Queen Philippa had property in Tideswell and in Wormhill, for it is stated that here, in 1352, her “parks and closes were broken by evil doers”.

But now, the large houses, which formerly existed in Tideswell, are all of the past, and Wheston Hall, which has for long been a farm house, is the only residence remaining that was of any repute in bygone years.


There were some turbulent spirits in and about Tideswell in the middle of the fifteenth century, and some of them too were, evidently, men who had no sense of reverence.

In 1444 there was a disgraceful scene in Tideswell Church when a considerable number of men who had broken into

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the house of Nicholas and Henry Bradshaw, and, not finding them there, “came armed, and in array, to the Church of Tideswell in a quarrelsome manner”, and apparently during the time of Service, with their bows stretched, sought for them before the altar.

“The men and tenants of the manor of Tideswell”, in 1483 obtained, as tenants of an “ancient demesne”, great consideration, for, on July 12th, a royal mandate was issued from Westminster directing them to be set free from what would be now equivalent to all dues, tolls, rates and taxes, and from the obligation to serve juries, &c. (excepting in their own manorial courts).


A Church was evidently in existence here in 1192: for in that year King John, whilst yet Earl of Montaigne, bestowed the Church of Hope with its Chapel of Tideswell on the Bishop, Hugh, of Lichfield and Coventry. We find that one “Robert” was “Parson of Tideswell” during the reign of King John (i.e. sometime between 1199 and 1216). By 1254 Tideswell had been separated from Hope, and became a distinct Parish with a Vicarage house, &c. The Vicar in return for certain emoluments was to officiate in person in the Church, and to maintain at his own cost a priest and sub-deacon to help him.

The earliest known history of several of the Peak Churches is the account of disputes with the monks of Lenton Priory, near Nottingham, and Tideswell had its share, These disputes, which in reality were differences between the Dean and Chapter of Lichfield and the authorities of Lenton Priory as to the right to the possession of the tithes in Tideswell, Wormhill, Hucklow, Bradwell, Bakewell and other places, lasted over three centuries. The Cluniac Priory of Lenton had been

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founded by William Peveril, the natural son of William the Conqueror, who, on his death bed, endowed the Monastery with two thirds of the tithes of whatever was titheable in his demesnes in various parts, including his possessions in the Peak district of Derbyshire. When the estates of the Peverils were escheated in the time of Henry II., they were given by that monarch to his second son, John Earl of Montaigne. As stated above, he bestowed Hope and Tideswell, &c. on Bishop Hugh. And in 1207, after he came to the Throne, he confirmed the grant to Bishop Geoffrey. By William de Cornhill, who succeeded Geoffrey in the Episcopate and died in 1223, various Churches, including Hope and Tideswell, were made over to the Dean and Chapter of Lichfield. The consequent litigation between the Cathedral body and the Monks of Lenton was (1) as to the extent of the Lordship of William Peveril, (2) as to whether he had the right of bequeathing the future tithes of land which was not in his time under cultivation, and (3) how far the Charters of the Earl (or King) over-rode those of William Peveril, whose descendants had suffered sequestration,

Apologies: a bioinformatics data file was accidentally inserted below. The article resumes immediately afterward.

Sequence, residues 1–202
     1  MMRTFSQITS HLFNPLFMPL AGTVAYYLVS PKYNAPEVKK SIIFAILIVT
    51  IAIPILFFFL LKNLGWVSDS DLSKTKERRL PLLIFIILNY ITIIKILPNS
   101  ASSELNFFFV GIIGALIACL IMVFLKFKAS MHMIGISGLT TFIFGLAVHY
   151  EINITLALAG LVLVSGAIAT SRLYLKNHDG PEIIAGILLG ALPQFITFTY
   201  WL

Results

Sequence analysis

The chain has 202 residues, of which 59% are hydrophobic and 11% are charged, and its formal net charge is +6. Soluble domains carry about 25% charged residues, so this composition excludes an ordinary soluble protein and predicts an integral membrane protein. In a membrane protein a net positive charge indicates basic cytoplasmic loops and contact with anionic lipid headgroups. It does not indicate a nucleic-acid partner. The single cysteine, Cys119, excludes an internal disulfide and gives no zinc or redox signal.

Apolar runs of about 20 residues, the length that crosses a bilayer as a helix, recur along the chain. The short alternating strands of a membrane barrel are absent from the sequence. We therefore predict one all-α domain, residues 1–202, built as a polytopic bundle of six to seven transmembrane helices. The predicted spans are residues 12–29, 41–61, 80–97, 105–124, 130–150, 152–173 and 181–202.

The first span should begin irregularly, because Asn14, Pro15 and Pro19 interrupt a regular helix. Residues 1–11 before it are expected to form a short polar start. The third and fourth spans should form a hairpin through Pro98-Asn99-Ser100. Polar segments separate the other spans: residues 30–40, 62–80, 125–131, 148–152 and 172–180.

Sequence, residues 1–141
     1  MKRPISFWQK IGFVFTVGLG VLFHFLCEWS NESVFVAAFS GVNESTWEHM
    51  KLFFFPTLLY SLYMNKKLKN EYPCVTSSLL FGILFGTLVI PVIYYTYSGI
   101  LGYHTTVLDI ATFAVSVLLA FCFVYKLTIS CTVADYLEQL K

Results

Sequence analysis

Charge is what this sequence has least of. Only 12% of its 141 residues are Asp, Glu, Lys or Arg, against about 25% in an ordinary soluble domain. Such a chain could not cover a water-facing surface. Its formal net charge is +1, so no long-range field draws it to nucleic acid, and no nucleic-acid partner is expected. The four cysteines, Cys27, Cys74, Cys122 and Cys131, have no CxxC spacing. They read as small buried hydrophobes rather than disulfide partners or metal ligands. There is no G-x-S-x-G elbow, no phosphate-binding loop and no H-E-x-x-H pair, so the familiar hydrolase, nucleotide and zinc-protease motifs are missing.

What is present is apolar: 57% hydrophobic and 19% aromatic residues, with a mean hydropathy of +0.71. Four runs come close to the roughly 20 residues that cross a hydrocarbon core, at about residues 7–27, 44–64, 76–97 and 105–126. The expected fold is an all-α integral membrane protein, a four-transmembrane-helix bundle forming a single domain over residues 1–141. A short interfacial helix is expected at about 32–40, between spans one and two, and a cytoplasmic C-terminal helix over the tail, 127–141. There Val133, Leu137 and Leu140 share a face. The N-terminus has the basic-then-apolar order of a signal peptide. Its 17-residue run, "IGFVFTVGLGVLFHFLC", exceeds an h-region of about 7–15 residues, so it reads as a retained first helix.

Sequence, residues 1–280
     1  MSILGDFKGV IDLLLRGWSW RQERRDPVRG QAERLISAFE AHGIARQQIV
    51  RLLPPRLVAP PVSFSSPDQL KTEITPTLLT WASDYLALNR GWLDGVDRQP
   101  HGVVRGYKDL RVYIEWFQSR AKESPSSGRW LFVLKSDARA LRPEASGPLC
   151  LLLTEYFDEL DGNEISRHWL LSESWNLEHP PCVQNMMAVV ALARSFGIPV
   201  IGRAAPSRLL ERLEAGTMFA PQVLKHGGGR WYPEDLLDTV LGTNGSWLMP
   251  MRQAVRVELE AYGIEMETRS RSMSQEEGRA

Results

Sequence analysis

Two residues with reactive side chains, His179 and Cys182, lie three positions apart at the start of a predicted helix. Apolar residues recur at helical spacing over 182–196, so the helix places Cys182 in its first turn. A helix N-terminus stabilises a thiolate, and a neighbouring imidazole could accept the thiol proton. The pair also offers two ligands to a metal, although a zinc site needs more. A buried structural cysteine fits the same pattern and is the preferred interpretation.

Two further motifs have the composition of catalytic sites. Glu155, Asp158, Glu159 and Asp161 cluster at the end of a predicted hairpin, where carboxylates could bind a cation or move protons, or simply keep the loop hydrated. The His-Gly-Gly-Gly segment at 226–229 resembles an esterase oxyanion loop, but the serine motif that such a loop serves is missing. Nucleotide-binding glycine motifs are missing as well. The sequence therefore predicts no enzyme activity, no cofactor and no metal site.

At times bodily force was resorted to in order to settle the mailers in dispute. The sympathies of the Tideswell people appear to have been with the Dean and Chapter; and a MS. preserved at Lichfield tells of a disgraceful scene witnessed in 1251, when the Monks of Lenton attempted to seize some sheep. The Church itself (the older building, not the present one) was invaded, and its ministers beaten and savagely wounded. Sheep and lambs were killed under the feet of horses, and both Church and Churchyard were polluted with blood. So that for a time all religious rites had to be suspended, until the building and its precincts could be formally 'reconciled' by the Bishop.

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The Monks of Lenton appear to have had a small establishment near to Millers Dale. One of the valleys running down to the River Wye still bears the name of “Monks Dale”. And on the hill side, just above this valley, some remains of a monastic building were found about seventy years ago. A beautiful fragment of traceried screen work (stone) was at that time taken from the site where it was found, and placed in the Vicarage garden at Tideswell where it remained until the year 1905. It may now be seen in the Parvise of the Parish Church where it has found a more permanent resting place.

[1] It is interesting to know that the Curzon family have again, and until recently, been connected with the neighbourhood; for Lord Searsdale was Lord of the Manor of Litton. The Manorial rights only passed away from the family when his son, the late Earl Curzon of Kedleston, sold the Litton property in 1918.

OCR/transcript by Rosemary Lockie in March 2013.